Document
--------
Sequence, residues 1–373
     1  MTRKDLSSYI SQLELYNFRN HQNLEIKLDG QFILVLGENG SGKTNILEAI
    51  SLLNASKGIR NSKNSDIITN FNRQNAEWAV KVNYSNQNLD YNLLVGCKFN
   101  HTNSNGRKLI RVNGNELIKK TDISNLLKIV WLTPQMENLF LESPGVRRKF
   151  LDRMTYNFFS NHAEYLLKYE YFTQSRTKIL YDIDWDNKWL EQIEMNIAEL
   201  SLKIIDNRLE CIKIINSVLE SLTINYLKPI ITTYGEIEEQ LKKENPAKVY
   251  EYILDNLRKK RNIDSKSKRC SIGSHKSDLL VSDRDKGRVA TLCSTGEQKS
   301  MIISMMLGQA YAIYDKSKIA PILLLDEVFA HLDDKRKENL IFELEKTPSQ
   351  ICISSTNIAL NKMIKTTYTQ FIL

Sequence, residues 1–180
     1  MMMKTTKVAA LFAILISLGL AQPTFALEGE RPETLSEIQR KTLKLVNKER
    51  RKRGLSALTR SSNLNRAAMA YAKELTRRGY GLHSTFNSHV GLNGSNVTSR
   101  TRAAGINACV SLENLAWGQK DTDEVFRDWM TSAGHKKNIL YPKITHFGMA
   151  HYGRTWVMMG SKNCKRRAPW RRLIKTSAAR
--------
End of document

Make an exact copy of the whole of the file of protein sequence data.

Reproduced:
Sequence, residues 1–373
     1  MTRKDLSSYI SQLELYNFRN HQNLEIKLDG QFILVLGENG SGKTNILEAI
    51  SLLNASKGIR NSKNSDIITN FNRQNAEWAV KVNYSNQNLD YNLLVGCKFN
   101  HTNSNGRKLI RVNGNELIKK TDISNLLKIV WLTPQMENLF LESPGVRRKF
   151  LDRMTYNFFS NHAEYLLKYE YFTQSRTKIL YDIDWDNKWL EQIEMNIAEL
   201  SLKIIDNRLE CIKIINSVLE SLTINYLKPI ITTYGEIEEQ LKKENPAKVY
   251  EYILDNLRKK RNIDSKSKRC SIGSHKSDLL VSDRDKGRVA TLCSTGEQKS
   301  MIISMMLGQA YAIYDKSKIA PILLLDEVFA HLDDKRKENL IFELEKTPSQ
   351  ICISSTNIAL NKMIKTTYTQ FIL

Sequence, residues 1–180
     1  MMMKTTKVAA LFAILISLGL AQPTFALEGE RPETLSEIQR KTLKLVNKER
    51  RKRGLSALTR SSNLNRAAMA YAKELTRRGY GLHSTFNSHV GLNGSNVTSR
   101  TRAAGINACV SLENLAWGQK DTDEVFRDWM TSAGHKKNIL YPKITHFGMA
   151  HYGRTWVMMG SKNCKRRAPW RRLIKTSAAR